Rachel Neumeier

Fantasy and Young Adult Fantasy Author

Blog

Bedtime reading: why didn’t I think of this before?

So, a day or so ago, I found out that this new mattress company, Casper, is running a creative promotion in honor of National Readathon Day, which it turns out is on January 24th. Who knew? Never heard of it, but hey, up with National Readathon Day, although I doubt very much I will be reading any great novel on Saturday because my current revision (MOUNTAIN) is sort of not done yet. But it’s kinda clever that a mattress company would encourage blog posts about bedtime reading. One can see that they’d like to know about avid readers settling into their bed with a good book. I’m sure they’d be pleased if anybody else jumped in with posts on the topic, and as it happens, it’s a suggestion that caught my eye because I actually only just started reading in bed a couple of months ago.

I didn’t start reading in bed because I got a new mattress last summer, though I did in fact get a new mattress, and I’m glad to say it did reduce my hip pain by a lot, so I no longer wake up in pain at three AM every single morning, which is great. I don’t know why it took me so long to think that a different kind of mattress might help, but hey, it’s a lot better to think of it late than never. I should get a little ottoman or something to make it easier for the dogs to jump up on the bed, though, ’cause it’s higher than the old one. (It’s a memory foam mattress, btw. For me it is too warm in the summer, a common problem with memory foam, but it’s worth it to reduce the hip pain. I see Mattress Engineers are trying harder and harder to design out the problem with heat, lots of different designs out there now, including this new kind of foam at Casper, evidently.)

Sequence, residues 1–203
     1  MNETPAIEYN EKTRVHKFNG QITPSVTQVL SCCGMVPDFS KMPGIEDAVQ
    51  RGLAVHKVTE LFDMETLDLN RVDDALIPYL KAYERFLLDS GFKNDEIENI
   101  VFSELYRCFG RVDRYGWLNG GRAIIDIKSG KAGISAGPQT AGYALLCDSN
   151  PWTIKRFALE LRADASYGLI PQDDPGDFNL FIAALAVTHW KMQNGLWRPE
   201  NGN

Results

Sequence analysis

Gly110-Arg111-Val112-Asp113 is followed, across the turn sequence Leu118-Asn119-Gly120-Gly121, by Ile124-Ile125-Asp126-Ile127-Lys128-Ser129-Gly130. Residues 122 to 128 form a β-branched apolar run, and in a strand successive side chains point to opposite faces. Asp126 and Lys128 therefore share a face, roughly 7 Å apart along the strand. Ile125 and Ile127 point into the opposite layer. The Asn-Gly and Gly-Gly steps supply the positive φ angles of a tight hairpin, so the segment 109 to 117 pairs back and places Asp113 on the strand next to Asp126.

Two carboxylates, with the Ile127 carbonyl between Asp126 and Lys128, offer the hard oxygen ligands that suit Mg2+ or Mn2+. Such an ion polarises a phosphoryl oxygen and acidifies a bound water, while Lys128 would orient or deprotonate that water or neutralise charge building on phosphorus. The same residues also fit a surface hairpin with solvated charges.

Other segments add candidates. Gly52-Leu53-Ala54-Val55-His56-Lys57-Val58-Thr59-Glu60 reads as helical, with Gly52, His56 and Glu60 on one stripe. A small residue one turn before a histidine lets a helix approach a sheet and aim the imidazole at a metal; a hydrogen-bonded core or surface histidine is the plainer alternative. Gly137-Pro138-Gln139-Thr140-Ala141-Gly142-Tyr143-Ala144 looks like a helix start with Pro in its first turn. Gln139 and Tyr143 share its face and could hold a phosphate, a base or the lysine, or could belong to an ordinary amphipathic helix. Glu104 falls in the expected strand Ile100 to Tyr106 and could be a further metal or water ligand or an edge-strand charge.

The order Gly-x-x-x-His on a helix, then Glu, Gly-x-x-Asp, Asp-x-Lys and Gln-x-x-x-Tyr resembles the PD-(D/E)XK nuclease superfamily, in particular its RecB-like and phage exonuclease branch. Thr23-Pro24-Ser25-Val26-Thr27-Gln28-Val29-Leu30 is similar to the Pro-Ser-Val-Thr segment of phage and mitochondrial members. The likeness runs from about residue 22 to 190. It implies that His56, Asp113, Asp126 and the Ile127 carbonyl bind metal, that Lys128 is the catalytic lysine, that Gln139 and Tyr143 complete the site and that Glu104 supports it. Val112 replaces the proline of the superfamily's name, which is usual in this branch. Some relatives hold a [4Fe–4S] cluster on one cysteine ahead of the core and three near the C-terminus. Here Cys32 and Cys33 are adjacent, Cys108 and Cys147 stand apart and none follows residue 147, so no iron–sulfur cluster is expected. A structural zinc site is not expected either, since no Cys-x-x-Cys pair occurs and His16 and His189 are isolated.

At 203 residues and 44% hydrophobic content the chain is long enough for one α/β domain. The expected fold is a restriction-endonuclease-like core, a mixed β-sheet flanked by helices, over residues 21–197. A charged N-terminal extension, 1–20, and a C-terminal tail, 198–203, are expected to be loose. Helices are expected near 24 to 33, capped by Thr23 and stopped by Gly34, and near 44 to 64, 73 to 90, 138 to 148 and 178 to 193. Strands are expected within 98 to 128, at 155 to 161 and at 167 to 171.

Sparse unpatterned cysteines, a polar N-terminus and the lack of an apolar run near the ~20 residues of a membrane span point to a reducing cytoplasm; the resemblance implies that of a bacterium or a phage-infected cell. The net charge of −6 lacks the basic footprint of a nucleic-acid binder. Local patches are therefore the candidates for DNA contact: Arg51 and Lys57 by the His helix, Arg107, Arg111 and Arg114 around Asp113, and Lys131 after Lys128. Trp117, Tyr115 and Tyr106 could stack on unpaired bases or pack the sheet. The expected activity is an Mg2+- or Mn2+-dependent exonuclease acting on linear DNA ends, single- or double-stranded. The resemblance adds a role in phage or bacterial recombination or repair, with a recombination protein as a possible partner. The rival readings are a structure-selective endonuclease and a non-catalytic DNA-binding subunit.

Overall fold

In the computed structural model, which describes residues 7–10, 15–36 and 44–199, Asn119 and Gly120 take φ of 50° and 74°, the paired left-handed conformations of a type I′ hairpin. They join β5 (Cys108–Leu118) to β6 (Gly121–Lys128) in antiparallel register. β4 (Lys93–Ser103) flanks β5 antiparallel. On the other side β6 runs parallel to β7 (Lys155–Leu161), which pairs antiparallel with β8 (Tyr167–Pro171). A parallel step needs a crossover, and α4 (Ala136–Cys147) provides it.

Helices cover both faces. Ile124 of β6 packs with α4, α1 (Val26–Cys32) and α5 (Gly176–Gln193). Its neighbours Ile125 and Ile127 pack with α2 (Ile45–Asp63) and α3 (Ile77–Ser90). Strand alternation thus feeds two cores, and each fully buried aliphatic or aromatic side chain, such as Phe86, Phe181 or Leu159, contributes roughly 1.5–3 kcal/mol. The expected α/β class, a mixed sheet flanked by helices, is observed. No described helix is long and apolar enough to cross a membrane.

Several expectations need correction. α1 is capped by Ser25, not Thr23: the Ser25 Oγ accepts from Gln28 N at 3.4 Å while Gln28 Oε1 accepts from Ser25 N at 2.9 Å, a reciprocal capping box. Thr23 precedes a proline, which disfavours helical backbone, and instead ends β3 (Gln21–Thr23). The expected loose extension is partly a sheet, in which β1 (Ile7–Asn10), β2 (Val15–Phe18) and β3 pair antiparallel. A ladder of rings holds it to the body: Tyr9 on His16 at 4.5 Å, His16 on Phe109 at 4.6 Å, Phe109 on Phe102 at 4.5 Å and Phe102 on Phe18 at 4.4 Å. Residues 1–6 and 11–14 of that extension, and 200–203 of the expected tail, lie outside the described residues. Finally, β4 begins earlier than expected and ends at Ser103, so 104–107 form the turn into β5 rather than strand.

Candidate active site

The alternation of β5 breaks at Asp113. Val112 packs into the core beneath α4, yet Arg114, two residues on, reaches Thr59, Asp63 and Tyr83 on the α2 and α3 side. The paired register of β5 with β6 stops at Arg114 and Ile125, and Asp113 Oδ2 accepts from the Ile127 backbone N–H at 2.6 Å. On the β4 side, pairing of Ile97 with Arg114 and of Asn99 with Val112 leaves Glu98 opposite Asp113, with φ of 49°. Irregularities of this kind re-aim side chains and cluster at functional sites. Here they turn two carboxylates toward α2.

Anyway, as I say, I didn’t start reading in bed because of the new mattress. Naturally the dogs made me do it. Specifically Kenya.

20131222_152909 (275x350)

Kenya has her little quirks. For example, she starts staring at me and wagging her tail suggestively at about four, or even three thirty, because supper time is five and she doesn’t want me to forget. When wagging her tail doesn’t work fast enough, she starts barking.

She barks at me to get me to move the other dogs out of her spot on the couch, too. Did I mention she has a shrill, annoying bark?

AND she recently started doing the same kind of thing about an hour before bedtime, because she knows she gets a biscuit at bedtime. Rather than yell at her to shut up (to which she is completely oblivious) or quit giving out biscuits at bedtime (harsh!) I have just gotten in the habit of going downstairs early, handing out biscuits, and reading for a while.

But! This definitely doesn’t mean I wake up groggily at two am with pages stuck to my face. No. After all, as a dedicated morning person, I will be waking up at about five or five thirty. Intense page-turning thrillers are not what I want at bedtime. For me, *bedtime* reading is nonfiction — even when I’m tearing through my enormous fiction backlog, I’ll put the fiction down and pick up nonfiction as I go downstairs. At the moment, my bedtime reading is ROOTS AND BRANCHES, a collection of essays by Tom Shippey, about Tolkien and philology. I don’t always get through too much of that before switching off the light! But on the other hand, they are fascinating essays. At the moment, Shippey is explaining how “fiction” and “dough” have the same root word. Hmmm.